Asked  7 Months ago    Answers:  5   Viewed   37 times

When creating a simple object hierarchy in Python, I'd like to be able to invoke methods of the parent class from a derived class. In Perl and Java, there is a keyword for this (super). In Perl, I might do this:

package Foo;

sub frotz {
    return "Bamf";

package Bar;
@ISA = qw(Foo);

sub frotz {
   my $str = SUPER::frotz();
   return uc($str);

In Python, it appears that I have to name the parent class explicitly from the child. In the example above, I'd have to do something like Foo::frotz().

This doesn't seem right since this behavior makes it hard to make deep hierarchies. If children need to know what class defined an inherited method, then all sorts of information pain is created.

Is this an actual limitation in python, a gap in my understanding or both?



Use the super() function:

class Foo(Bar):
    def baz(self, arg):
        return super().baz(arg)

For Python < 3, you must explicitly opt in to using new-style classes and use:

class Foo(Bar):
    def baz(self, arg):
        return super(Foo, self).baz(arg)
Tuesday, June 1, 2021
answered 7 Months ago

Use parent as predefined reference: parent::run(). This will ensure you call parent method. The same way you could call first parent constructor first or after child one - parent::__construct().

Class Child extends Parent {
    public function __construct() {
      // Access parent methods here?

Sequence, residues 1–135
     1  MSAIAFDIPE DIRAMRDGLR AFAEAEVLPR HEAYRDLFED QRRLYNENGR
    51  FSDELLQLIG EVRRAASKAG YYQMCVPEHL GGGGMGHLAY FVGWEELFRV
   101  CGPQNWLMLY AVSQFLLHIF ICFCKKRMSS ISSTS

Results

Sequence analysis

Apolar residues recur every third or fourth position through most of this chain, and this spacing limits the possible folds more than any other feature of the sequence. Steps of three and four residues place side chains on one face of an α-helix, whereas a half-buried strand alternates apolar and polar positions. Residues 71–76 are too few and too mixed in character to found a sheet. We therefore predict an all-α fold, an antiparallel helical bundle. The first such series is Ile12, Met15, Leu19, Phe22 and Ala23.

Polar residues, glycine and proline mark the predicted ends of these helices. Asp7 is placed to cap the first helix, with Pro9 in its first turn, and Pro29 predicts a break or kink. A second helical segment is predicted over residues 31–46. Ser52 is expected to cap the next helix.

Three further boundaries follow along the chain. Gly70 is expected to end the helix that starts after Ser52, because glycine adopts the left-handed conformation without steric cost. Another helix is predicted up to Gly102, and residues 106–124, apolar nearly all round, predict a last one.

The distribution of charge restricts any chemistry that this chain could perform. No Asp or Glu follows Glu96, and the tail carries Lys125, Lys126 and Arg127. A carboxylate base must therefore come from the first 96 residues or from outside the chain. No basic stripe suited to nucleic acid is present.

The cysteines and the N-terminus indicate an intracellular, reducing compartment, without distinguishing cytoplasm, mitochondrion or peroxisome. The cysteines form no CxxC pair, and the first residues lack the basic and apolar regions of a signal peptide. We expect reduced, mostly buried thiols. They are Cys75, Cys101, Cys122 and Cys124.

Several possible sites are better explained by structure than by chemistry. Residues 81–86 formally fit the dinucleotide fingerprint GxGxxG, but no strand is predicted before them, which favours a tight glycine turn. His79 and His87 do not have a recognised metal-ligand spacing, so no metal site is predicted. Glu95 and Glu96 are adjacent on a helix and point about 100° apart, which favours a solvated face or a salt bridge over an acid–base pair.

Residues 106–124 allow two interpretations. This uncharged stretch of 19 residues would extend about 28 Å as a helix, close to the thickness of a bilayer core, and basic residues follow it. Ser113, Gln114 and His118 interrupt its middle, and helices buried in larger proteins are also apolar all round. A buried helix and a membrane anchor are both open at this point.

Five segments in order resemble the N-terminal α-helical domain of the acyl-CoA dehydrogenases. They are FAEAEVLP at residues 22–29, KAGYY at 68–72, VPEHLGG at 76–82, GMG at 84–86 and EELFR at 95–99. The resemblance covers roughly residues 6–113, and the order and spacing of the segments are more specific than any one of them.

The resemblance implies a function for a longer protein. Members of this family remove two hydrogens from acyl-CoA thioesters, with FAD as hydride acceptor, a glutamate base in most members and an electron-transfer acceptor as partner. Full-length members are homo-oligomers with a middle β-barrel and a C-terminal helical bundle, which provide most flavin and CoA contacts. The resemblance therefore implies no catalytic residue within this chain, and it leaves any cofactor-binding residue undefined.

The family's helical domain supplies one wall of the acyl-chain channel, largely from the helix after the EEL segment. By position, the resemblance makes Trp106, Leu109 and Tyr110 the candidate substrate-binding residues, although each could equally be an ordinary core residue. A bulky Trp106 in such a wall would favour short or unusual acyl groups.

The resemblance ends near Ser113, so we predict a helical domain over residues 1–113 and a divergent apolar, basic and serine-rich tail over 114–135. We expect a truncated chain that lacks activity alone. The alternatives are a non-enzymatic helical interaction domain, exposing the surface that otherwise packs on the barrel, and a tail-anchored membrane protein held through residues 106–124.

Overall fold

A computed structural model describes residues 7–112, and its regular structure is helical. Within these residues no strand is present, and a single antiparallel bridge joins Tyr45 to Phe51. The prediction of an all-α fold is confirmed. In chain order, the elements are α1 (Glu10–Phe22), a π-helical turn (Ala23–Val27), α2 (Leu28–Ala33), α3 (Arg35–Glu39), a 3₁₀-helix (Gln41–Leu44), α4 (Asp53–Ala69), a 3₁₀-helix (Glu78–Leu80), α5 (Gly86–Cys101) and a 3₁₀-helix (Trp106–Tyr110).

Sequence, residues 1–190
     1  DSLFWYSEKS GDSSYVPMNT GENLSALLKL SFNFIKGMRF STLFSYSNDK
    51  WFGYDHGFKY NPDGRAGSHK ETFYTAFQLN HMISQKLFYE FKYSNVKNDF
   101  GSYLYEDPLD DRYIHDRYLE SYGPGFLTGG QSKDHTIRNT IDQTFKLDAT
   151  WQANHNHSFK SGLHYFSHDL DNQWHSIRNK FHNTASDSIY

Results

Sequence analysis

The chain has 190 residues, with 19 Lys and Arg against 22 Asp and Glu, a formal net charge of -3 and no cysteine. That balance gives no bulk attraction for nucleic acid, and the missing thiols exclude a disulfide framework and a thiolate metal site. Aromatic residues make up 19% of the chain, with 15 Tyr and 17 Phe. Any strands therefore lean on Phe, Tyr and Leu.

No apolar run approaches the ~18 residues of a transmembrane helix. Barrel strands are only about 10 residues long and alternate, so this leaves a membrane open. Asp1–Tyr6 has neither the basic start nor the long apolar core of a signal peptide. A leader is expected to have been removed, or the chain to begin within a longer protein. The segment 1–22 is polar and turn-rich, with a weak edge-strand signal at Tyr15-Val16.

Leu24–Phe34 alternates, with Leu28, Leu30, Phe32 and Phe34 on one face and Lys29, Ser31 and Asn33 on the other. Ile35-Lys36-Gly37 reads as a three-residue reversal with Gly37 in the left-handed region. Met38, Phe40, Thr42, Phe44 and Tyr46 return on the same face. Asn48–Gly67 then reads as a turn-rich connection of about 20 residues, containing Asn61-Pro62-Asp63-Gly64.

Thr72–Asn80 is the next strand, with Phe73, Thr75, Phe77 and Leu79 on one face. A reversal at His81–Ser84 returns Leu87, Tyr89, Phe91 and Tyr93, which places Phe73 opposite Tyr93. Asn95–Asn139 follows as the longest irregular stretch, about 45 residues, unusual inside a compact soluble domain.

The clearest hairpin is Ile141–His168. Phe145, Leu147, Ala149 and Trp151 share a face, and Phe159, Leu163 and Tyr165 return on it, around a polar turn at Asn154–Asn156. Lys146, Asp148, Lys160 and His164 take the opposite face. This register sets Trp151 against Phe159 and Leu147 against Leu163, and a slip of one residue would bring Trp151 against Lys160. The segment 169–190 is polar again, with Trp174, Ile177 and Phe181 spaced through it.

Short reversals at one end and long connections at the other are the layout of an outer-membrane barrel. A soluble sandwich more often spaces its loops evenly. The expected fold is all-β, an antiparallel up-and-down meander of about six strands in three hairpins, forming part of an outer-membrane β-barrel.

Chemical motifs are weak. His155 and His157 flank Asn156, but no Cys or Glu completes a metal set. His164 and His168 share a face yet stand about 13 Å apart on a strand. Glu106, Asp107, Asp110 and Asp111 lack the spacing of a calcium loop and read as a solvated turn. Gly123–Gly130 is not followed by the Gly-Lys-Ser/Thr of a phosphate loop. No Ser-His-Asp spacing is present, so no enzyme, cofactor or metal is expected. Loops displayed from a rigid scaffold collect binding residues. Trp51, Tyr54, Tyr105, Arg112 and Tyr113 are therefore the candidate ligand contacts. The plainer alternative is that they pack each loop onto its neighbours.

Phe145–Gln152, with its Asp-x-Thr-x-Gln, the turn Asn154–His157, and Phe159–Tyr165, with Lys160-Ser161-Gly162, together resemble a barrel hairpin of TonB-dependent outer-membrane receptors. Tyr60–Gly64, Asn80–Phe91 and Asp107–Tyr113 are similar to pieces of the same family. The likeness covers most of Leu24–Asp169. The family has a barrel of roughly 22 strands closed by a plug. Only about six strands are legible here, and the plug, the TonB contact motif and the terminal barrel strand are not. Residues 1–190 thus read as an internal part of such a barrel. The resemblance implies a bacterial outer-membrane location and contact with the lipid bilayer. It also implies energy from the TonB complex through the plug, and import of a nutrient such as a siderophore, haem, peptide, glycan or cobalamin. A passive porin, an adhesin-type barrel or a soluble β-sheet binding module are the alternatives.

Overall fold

$some_arg = NULL; // init from constructor argument or somewhere else
      parent::run($some_arg); // explicitly call parent method
      // $this->run($some_arg); // implicitly will call parent if no child override


If you dont have an implementation in child you could call $this->run($args), where it will again call parent run method.

Wednesday, March 31, 2021
answered 9 Months ago

The correct way is to add a method DoSomeMagic() in the base class, with default implementation, or abstract. The derived class should than override it to do its magic.

Something like this maybe:

public class WireLessDevice
{ // base class
    protected virtual void ParseMessage()
        // Do common stuff in here

public class WiFi : WireLessDevice
{ // derived class
    override void ParseMessage()
        base.ParseMessage();//Call this if you need some operations from base impl.
    private void DoGPSStuff()
        //some gps stuff
    GPSLoc Loc;
Sunday, August 15, 2021
answered 4 Months ago

These two lines:


should be one:


Remember that Heap.__init__ is called implicitly when you do Heap(). Below is a demonstration:

>>> class Foo:
...     def __init__(self):
...         print("Foo.__init__ was called")
>>> Foo()
Foo.__init__ was called
<__main__.Foo object at 0x020AF030>
Sunday, August 22, 2021
Dance Party2
answered 4 Months ago

Both getX and getY are methods in your code, not attributes. So you will need to call them using getX() and getY().

So ma=(p2.getY-p1.getY)/(p2.getX-p1.getX) becomes:

ma = (p2.getY()-p1.getY())/(p2.getX()-p1.getX())

And so on, the other code changes.

Otherwise, you can also define your methods as @property:

class Point:
    def getX(self):
        return self.x
    def getY(self):
        return self.y

And now you can access these as p1.getX and p2.getY and so on.

Note that the above @property decorator turns the method into a getter, which makes sense to use only with private variables (variables defined to start with _).

As such, since both x and y are normal attributes of your class, you can access them directly without using and property decorators or using getter methods, like p1.x and p2.y, as @Padraic points in his post.

Thursday, September 2, 2021
Valentin Radu
answered 3 Months ago
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